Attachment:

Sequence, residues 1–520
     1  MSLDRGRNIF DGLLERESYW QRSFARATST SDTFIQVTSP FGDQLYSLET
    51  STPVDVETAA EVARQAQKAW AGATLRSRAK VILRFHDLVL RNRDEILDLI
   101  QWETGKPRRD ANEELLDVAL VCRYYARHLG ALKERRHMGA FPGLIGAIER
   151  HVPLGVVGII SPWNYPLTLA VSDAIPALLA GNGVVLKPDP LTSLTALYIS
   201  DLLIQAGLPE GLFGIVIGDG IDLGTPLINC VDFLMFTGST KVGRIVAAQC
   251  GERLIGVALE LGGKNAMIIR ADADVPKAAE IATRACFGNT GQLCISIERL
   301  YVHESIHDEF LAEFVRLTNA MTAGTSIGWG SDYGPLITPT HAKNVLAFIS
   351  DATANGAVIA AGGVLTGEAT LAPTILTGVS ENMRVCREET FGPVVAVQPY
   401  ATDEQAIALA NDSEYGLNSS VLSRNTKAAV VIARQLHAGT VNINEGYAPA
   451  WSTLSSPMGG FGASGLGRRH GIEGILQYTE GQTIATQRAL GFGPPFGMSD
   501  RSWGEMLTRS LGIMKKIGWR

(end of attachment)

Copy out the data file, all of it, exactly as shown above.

Sequence, residues 1–520
     1  MSLDRGRNIF DGLLERESYW QRSFARATST SDTFIQVTSP FGDQLYSLET
    51  STPVDVETAA EVARQAQKAW AGATLRSRAK VILRFHDLVL RNRDEILDLI
   101  QWETGKPRRD ANEELLDVAL VCRYYARHLG ALKERRHMGA FPGLIGAIER
   151  HVPLGVVGII SPWNYPLTLA VSDAIPALLA GNGVVLKPDP LTSLTALYIS
   201  DLLIQAGLPE GLFGIVIGDG IDLGTPLINC VDFLMFTGST KVGRIVAAQC
   251  GERLIGVALE LGGKNAMIIR ADADVPKAAE IATRACFGNT GQLCISIERL
   301  YVHESIHDEF LAEFVRLTNA MTAGTSIGWG SDYGPLITPT HAKNVLAFIS
   351  DATANGAVIA AGGVLTGEAT LAPTILTGVS ENMRVCREET FGPVVAVQPY
   401  ATDEQAIALA NDSEYGLNSS VLSRNTKAAV VIARQLHAGT VNINEGYAPA
   451  WSTLSSPMGG FGASGLGRRH GIEGILQYTE GQTIATQRAL GFGPPFGMSD
   501  RSWGEMLTRS LGIMKKIGWR